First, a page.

The action threshold in south central Idaho for aphid control is reached when population density of wingless green peach aphids exceeds 10 aphids per 50 potato leaves for 2 consecutive weeks. In southwestern Idaho, the corresponding threshold is 40 aphids per 50 leaves.

Control:

Chemical Control:
Growers will use an insecticide at planting or a foliar treatment following cultivation. Eighty eight percent of the growers scout for aphids to determine the action threshold before applying foliar insecticides.

Many insecticides registered on potatoes do not give satisfactory aphid control. The Green Peach Aphid (GPA) is one of the few insect species reported to be resistant to compounds of all classes of insecticides: organochlorines, organophosphates, carbamates, and synthetic pyrethroids.

The GPA has shown resistance to the synthetic pyrethroids, esfenvalerate and permethrin. Pyrethroids are generally not effective against aphids, but are used extensively on potatoes because they have a broad-spectrum of activity against other pests and are cost-competitive. Soil-applied insecticides give good control of early season aphids. Even with effective residues, many aphids escape and infect other plants with the potato leaf roll virus (PLRV). It is important to maintain full season aphid control to reduce the possibility of PLRV. Reducing aphid populations to tolerable levels requires a combination of control measures using cultural practices and several insecticides with different modes of action.

Alternative Insecticides:

Integrated Pest Management and Cultural Control:
Cultural control methods are an integral part of reducing populations of GPA. Prunus and other host species are treated with insecticides or eradicated to control aphids. These treatments will limit the overwintering capacity of the aphids and reduce infestation in potato fields. Growers use resistant varieties and certified seed free of PLRV. Eighty eight percent of the growers examine potato leaves for aphids.

 

Colorado Potato Beetle (CPB)
Leptinotarsa decemlineata

The Colorado potato beetle (CPB) is second in importance only to the GPA. The CPB invades potato fields as an adult and will lay 300 to 500 eggs over a 4 week period on the undersides of leaves at scattered locations throughout the fields. The eggs hatch in 4 to 9 days and the larvae feed heavily on terminal growth. Both adult beetles and larvae feed on potato leaves and stems, but the larvae are more damaging. If the larvae are not controlled, they will cause 70%-100% defoliation, ultimately death of the plant, and 40% yield loss. The adult beetles cause some damage but seldom require control.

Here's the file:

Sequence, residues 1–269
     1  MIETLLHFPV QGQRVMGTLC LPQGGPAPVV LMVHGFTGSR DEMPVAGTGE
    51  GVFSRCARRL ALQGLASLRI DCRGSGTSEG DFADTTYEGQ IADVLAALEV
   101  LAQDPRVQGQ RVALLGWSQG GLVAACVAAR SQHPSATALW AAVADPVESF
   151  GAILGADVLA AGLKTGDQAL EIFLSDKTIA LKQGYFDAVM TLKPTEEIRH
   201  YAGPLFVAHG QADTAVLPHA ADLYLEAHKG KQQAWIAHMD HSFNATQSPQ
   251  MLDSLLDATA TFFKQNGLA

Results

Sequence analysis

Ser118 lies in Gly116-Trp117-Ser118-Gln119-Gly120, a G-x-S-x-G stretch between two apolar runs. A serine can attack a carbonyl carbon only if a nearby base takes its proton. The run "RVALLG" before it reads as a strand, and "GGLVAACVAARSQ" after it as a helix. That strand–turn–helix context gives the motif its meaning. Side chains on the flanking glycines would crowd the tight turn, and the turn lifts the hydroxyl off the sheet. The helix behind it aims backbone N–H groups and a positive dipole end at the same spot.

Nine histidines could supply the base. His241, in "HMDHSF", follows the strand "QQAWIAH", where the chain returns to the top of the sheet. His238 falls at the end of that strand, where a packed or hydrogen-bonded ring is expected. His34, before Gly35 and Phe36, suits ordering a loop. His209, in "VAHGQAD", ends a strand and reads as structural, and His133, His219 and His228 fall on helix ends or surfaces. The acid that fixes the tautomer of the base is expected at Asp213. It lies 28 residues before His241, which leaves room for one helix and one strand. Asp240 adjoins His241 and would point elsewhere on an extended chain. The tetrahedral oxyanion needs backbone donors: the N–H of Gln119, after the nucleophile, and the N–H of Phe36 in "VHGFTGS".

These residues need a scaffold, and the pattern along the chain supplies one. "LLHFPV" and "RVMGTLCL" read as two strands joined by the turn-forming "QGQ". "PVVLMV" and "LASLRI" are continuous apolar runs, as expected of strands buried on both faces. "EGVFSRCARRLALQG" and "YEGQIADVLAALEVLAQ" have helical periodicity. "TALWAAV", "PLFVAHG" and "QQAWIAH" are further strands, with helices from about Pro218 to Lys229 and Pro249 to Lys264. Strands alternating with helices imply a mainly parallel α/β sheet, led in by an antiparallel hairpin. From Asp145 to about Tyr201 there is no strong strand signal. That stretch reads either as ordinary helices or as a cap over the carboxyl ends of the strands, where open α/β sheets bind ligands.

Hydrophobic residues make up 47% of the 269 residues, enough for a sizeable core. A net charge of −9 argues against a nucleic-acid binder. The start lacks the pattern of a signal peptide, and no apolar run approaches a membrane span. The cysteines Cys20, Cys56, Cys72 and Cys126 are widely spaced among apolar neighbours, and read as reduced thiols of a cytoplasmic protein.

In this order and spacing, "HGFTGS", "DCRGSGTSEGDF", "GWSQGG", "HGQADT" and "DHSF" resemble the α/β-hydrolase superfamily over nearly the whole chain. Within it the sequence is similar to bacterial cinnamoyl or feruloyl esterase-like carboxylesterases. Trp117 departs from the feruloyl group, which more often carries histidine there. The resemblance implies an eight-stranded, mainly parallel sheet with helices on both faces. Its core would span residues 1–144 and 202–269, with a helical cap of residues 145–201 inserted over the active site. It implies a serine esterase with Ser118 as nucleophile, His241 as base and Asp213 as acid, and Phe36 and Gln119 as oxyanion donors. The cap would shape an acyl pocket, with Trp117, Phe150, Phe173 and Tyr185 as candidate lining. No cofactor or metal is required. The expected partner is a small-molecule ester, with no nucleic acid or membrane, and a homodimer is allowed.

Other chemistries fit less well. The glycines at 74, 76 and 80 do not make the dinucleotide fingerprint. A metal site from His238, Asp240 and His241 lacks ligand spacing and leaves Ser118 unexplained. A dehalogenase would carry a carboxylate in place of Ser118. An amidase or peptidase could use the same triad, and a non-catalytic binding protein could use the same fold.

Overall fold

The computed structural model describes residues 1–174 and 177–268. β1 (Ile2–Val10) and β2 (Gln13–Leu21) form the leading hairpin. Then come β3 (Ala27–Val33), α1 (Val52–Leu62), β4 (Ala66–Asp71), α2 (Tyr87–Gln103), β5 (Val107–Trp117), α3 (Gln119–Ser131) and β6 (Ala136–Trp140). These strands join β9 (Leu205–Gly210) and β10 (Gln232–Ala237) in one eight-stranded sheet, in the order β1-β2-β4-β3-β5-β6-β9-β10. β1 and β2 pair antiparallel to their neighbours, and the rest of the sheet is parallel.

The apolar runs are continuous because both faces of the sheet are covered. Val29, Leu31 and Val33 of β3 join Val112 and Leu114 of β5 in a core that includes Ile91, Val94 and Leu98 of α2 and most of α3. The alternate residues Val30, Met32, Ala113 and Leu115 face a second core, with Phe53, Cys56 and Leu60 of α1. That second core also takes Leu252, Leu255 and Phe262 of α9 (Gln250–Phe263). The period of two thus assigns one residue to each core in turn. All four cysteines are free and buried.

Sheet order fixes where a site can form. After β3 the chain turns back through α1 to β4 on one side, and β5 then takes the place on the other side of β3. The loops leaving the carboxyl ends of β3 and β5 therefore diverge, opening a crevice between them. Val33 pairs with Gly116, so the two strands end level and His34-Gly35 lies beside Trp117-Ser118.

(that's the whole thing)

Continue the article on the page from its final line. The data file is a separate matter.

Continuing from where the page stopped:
Control of CPB is primarily with soil applied insecticides. Natural enemies are not sufficiently abundant to contain populations. While synthetic insecticides remain the most effective means for its control, resistance by the CPB to all classes of insecticides has been documented in many U.S. potato-producing regions. CPB resistance was first discovered in Idaho in the mid-1980’s. Widespread and locally diverse esfenvalerate and phosmet resistance was detected in all counties in southern and eastern Idaho in 1992. No resistance was detected to carbofuran or endosulfan. Resistance has the greatest potential to eliminate insecticides as useful tools in CPB management.

Control:

Chemical Control:

Alternative Insecticides:

Biological Insecticides:
Bacillus thuringiensis spp. tenebrionis (Novodor) – This species of Bt has been proven effective, but it is not used for conventional CPB control. It is used by the organic potato producers.